It is true the fractious India-Pakistan relations are a major roadblock to the growth of SAARC. The two nations together represent over five-sixth of the 1.8 billion people of the sub-continent. And with their collective economic and political clout, only these two nations have the potential to energise SAARC. But they are yet to exercise their cumulative power for this larger objective.


It would be facile to argue that the problems of SAARC relate only to the estranged relationship of India and Pakistan. South Asian countries have some inherent problems to start with. They have some of the high population densities in the world. The largest number of illiterate people and people below poverty level live in South Asia. Most of its members suffer from problems of internal unrest and extremism, lack of resources, poor infrastructure and governance. The life blood of many members in the region has been sapped in combating some of the most powerful terrorist and insurgency groups in the world. 


But the positives of the region should not be missed out while looking at the negatives. These include young and energetic population, strong entrepreneurship skills, rich mineral and marine resources, and assets of shared history and culture binding the people across the nations. And a huge under-serviced market place and ready availability of large technical manpower that can absorb new technologies are assets waiting to be exploited.


The harsh truth is SAARC has failed because member-states have not learnt from the experience of other groupings like the ASEAN and the EU to adopt collective action to pool their strengths to overcome their weaknesses. Historical memories have been preventing building on their collective experience. This has resulted in the absence of a collective South Asian identity for fostering regional solidarity. It is odious to compare ASEAN and EU with SAARC because each nation has its baggage of national experience conditioned by geographical contiguity, religious and cultural beliefs and perceptions.  The historical context and environment in which the EU and ASEAN groupings came about were unique.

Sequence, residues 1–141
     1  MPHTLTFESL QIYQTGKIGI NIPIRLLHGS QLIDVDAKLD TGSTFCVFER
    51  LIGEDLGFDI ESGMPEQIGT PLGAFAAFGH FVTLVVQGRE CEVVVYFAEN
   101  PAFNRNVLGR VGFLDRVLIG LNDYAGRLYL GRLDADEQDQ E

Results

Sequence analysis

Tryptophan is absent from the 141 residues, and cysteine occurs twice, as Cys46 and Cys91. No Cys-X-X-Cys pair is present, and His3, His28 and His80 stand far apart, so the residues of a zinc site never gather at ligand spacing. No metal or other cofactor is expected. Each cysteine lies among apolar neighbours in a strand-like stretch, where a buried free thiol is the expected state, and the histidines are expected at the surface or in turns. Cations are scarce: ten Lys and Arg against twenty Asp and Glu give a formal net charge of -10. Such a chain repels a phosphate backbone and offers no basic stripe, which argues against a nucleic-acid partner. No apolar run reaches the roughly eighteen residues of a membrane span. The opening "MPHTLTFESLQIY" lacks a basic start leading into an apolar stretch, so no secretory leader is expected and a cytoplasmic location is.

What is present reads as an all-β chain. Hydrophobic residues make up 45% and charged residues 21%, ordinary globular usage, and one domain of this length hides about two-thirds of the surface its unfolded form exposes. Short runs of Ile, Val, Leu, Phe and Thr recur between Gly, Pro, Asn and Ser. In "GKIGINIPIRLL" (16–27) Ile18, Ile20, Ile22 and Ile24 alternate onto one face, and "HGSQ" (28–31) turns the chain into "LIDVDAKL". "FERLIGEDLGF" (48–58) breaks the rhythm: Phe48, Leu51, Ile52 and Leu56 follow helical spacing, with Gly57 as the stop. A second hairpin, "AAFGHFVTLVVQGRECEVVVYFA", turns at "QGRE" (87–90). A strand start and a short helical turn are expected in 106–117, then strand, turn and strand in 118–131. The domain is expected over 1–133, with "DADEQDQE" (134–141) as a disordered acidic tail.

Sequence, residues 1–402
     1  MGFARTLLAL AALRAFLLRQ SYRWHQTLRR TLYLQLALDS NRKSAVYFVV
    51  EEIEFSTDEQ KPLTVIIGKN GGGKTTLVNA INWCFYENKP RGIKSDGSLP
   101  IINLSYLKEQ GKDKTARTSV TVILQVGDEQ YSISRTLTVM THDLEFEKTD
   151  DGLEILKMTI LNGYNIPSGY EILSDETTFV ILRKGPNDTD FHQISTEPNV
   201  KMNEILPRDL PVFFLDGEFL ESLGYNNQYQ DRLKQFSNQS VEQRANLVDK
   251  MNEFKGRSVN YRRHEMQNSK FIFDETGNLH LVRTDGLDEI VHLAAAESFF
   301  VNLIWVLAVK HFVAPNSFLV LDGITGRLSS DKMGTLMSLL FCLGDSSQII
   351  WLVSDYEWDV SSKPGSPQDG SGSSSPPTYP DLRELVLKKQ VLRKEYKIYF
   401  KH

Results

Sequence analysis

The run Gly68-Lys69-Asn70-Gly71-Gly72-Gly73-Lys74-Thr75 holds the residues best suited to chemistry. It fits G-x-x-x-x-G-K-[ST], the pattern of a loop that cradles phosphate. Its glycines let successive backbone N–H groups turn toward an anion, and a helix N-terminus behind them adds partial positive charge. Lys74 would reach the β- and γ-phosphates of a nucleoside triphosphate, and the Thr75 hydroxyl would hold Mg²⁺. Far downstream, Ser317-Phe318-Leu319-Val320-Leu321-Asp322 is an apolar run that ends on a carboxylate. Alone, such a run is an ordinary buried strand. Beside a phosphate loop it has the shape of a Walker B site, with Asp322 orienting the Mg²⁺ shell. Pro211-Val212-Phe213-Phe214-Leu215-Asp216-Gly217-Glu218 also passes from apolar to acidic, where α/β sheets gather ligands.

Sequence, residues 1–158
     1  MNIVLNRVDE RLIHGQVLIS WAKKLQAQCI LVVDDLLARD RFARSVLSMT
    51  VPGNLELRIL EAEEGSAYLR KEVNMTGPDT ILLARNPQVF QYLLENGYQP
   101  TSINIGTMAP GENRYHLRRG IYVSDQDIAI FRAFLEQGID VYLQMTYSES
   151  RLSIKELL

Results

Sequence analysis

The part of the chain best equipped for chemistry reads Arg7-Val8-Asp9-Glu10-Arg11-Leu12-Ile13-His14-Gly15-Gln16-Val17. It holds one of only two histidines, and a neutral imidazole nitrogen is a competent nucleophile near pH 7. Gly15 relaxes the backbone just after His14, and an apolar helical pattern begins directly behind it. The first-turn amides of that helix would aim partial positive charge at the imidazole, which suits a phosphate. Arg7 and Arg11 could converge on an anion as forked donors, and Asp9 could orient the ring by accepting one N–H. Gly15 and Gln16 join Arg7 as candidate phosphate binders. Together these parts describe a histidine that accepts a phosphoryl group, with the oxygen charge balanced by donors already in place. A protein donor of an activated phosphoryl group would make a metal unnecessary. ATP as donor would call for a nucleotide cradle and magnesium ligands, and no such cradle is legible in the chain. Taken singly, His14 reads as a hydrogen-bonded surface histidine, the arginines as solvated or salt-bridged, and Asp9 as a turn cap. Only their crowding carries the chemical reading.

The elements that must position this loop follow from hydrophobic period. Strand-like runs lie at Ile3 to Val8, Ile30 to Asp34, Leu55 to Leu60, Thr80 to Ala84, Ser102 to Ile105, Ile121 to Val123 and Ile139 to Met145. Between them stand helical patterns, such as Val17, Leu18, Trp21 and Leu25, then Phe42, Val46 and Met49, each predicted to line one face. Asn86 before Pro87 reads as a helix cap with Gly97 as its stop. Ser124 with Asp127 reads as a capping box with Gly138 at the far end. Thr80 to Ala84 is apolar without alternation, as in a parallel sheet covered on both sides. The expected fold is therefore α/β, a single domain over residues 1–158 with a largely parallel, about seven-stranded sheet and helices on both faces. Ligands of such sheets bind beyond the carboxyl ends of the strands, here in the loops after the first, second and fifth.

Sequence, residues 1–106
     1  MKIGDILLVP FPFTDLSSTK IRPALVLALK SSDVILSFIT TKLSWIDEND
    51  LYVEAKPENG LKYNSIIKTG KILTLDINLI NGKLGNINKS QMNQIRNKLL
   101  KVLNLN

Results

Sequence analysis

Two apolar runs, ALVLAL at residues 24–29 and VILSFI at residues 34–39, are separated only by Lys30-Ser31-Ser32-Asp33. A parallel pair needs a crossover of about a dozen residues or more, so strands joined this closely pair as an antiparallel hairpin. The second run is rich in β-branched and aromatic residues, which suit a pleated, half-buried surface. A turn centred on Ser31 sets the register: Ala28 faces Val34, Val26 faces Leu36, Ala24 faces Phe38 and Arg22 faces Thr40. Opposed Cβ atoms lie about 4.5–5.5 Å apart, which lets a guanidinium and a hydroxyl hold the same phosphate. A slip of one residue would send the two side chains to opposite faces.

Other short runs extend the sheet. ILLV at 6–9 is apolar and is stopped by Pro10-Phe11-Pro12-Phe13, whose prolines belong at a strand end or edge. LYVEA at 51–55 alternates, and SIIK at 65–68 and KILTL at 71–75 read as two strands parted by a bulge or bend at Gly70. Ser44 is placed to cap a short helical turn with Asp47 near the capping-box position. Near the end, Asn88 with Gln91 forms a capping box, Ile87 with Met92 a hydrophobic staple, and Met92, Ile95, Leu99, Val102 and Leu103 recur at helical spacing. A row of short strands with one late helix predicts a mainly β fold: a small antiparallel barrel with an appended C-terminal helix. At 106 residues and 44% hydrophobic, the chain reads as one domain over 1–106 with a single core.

Both the EU and ASEAN are products of Cold War compulsions. In the case of EU the post-World War-II economic privations and the threat of Soviet Union destabilizing their countries prodded them to come together.  On the other hand, ASEAN came about with US patronage to act as buffers to ward off Communist China’s threat to Southeast Asia. When the Cold War ended, both the groupings focused on evolving structural frameworks for issues of relevance to members like security, energy, developmental resources, trade and commerce, economic stability and counter-terrorism.   


In the case of South Asia, there was no common external threat for collective action. The only common factor was the vestiges of British colonial occupation which conditioned not only the perceptions of former colonial countries but other independent ones like Afghanistan, Nepal and Bhutan. At present in all countries, democratic dispensation is in place with elected governments in power, except Nepal where the process is on for drafting a new constitution. In Afghanistan, a new president has been elected and installed as Taliban terrorism has been brought to manageable levels. In Pakistan, despite the looming threat of terrorism and history of militarism, people have preferred to democratically elect the Nawaz Sharif coalition with a majority.


Prime Minister Narendra Modi, who assumed office in May 2014 after a thumping victory in the parliamentary elections, ushers in an era of political stability. He is trying to change India’s traditional laidback approach to its neighbours. His invitation to the leaders of neighbouring countries for his swearing-in sent a strong signal that building better relations with them will be his priority. With economic development on top of his national agenda, India would like to further trade and commerce links with the neighbours. His invitation to Prime Minister Nawaz Sharif on the occasion surprised everyone including his own supporters. And despite opposition at home, the Pakistani leader reciprocated the gesture and attended the anointing of Narendra Modi as Prime Minister of India.


At a New Delhi press meet on the occasion, Nawaz Sharif said “we both are in the beginning of a clear mandate from our respective nations. This provides an opportunity to fulfil the hopes of 1.5 billion people of the two countries who want us to focus on people and welfare. We had talks in warm and cordial atmosphere.” The Pakistan Prime Minister was actually touching upon India-Pakistan rapprochement - one of the key triggers for making SAARC an effective entity.